At night, my girls – Abi leading the battalion scoop me to DJ Spinall’s Album House Party at Oniru Estate. A generous cocktail of Smirnoff welcomes us to the mad house. Poor mansion! Numerous rooms have guests thronging in and out like a festival with bottles popping like it’s a beer factory. On a different side some people are jumping into a pool. I can’t help but think of Banky W’s Lagos Party. Again I hate crowds but I really like this party and its show for the Nigerian affluence. Who allowed all these people to party in their house? Won’t they steal or completely damage the house? I need to see and meet DJ Spinall, so I ask Abi to lead me to the VIP section. On getting there, it’s as packed as a brand new matchbox. I can’t even see or reach him. Our night at the house ends. We end up at Club Rumours. Here, my memory fails. I might have had too many 🙂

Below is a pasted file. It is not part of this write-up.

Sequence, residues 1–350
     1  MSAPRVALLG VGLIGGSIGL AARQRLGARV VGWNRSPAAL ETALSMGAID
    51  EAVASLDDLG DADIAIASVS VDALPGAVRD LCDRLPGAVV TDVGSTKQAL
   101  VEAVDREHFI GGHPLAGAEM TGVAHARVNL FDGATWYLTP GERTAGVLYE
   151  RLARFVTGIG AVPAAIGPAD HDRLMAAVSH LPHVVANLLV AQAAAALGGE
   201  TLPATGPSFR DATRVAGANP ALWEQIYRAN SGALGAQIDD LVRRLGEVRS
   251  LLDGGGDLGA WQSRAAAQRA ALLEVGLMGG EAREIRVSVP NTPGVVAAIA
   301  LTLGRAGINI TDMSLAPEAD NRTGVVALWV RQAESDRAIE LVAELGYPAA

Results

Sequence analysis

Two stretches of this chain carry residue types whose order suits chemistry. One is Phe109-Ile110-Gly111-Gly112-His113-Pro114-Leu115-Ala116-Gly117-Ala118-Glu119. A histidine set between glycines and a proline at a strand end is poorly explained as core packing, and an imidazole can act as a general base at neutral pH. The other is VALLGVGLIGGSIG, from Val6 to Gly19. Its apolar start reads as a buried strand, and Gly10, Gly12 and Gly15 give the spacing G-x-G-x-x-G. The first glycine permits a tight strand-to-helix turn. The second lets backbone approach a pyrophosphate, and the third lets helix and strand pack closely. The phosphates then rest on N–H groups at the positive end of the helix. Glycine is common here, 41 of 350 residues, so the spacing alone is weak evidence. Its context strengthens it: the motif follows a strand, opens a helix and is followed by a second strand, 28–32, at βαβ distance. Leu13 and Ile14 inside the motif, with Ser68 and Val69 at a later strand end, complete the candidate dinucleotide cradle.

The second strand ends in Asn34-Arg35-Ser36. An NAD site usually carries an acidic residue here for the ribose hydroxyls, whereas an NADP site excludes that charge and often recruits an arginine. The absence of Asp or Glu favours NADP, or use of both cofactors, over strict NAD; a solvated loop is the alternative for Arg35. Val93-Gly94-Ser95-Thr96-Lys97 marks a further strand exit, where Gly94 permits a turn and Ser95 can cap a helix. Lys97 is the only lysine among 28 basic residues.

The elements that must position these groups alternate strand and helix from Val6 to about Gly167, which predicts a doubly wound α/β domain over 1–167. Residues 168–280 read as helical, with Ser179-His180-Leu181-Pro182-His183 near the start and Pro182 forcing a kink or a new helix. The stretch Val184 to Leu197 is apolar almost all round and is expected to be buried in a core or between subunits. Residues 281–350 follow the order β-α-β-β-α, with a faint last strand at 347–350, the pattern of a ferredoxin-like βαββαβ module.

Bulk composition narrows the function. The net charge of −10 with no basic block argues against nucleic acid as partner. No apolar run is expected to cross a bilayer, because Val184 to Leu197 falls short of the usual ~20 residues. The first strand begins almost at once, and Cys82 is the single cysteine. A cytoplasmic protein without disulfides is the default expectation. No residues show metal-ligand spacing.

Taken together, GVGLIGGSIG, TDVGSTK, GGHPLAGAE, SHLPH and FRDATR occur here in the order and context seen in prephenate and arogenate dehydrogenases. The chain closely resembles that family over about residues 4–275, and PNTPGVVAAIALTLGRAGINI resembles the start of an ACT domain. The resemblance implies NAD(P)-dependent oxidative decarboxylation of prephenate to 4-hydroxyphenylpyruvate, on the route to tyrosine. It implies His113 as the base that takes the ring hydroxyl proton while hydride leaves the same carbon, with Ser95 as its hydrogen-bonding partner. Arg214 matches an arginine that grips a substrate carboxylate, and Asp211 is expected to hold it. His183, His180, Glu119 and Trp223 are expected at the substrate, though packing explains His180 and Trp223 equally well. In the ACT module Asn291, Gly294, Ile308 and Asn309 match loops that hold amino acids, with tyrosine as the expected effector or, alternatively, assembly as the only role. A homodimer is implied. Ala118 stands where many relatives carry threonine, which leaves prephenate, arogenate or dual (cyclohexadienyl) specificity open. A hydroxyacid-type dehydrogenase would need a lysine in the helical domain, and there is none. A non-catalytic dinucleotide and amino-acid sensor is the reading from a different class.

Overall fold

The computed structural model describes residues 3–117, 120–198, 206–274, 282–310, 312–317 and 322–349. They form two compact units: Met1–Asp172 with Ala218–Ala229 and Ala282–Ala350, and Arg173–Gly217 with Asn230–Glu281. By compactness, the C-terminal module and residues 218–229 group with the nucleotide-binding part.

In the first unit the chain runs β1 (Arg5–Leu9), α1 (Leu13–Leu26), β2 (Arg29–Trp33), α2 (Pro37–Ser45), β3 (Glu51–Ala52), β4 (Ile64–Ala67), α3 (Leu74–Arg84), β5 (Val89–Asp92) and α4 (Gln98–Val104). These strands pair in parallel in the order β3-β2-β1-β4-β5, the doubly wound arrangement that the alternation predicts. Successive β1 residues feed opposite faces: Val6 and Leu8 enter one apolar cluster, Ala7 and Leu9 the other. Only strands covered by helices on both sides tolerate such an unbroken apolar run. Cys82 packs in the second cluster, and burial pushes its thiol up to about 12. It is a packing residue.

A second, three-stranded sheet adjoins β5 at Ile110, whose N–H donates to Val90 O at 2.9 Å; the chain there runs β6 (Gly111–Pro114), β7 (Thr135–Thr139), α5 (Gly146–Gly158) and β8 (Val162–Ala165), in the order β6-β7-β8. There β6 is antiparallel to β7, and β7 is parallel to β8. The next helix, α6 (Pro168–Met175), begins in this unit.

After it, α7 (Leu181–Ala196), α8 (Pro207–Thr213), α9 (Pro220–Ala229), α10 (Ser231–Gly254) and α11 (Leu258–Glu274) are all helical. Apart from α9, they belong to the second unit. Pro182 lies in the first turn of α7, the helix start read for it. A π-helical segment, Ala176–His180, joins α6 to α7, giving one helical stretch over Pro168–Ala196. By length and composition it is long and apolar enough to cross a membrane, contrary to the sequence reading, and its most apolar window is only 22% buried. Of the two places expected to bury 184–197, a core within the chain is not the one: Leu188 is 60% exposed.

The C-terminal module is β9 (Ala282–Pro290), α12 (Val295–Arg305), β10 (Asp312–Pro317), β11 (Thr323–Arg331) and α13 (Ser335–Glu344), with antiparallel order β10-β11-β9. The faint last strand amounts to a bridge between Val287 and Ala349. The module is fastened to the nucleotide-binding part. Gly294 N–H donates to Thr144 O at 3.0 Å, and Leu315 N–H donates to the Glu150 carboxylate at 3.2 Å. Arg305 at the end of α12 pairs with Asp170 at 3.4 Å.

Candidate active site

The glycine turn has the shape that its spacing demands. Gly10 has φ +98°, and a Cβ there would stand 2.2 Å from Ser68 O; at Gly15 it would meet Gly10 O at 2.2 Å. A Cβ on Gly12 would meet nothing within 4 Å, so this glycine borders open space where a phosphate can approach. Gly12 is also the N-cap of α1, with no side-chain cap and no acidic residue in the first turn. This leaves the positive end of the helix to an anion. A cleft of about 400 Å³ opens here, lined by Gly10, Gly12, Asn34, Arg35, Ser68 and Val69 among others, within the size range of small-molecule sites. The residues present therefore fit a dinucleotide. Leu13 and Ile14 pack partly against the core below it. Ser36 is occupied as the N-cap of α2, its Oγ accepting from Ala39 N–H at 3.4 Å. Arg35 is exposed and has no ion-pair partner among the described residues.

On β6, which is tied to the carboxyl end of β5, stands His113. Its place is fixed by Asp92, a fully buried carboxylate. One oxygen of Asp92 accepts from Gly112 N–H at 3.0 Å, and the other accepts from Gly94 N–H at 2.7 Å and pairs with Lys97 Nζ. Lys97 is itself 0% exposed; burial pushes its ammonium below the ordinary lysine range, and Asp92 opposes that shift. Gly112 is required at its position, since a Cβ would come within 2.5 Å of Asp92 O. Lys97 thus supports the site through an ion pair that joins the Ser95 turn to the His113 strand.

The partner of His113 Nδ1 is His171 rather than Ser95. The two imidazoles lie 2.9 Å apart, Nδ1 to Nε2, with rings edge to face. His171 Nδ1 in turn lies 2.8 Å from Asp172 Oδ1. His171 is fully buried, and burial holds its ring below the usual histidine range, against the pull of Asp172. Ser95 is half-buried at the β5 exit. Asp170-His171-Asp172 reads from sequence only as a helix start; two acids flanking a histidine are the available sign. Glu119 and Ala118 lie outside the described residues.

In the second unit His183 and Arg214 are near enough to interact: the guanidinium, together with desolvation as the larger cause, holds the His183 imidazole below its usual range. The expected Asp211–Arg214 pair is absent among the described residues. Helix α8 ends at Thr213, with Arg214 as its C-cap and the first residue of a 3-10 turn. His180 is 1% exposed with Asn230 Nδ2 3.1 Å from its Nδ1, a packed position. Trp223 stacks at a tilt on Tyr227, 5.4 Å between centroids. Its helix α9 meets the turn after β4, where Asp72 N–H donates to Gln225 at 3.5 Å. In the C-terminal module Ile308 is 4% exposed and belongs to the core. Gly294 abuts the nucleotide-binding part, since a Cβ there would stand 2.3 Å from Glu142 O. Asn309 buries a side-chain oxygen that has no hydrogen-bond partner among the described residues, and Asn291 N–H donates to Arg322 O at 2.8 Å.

I wake up thinking about nothing but our luggage. My heart and conscience tells me that the airline will neither deliver nor call any of us to get our luggage. (They actually never do). So I start to make my own arrangements to go to airport in time to catch the arrival of the flight that should have our luggage. At first I think I will sort it out myself but trouble starts when I can’t find a taxi for the airport because there is fuel shortage in the city. WHAT THE HELL IS THAT FOR? The petroleum industry in Nigeria is the largest in Africa. Contributing to about 14% of its economy, it hardly benefits the normal mwananchi directly. This is why I hate that western media and countries equate GDP to African development and fastest growing |“healthy” economies. What’s the point of having the highest GDP when the person on the street can’t even have fuel or power? Because of this kind of disparity, I am passionate about PR in sensitising communities, policy makers and key stakeholders in natural resource management on equity, transparency and conflict management.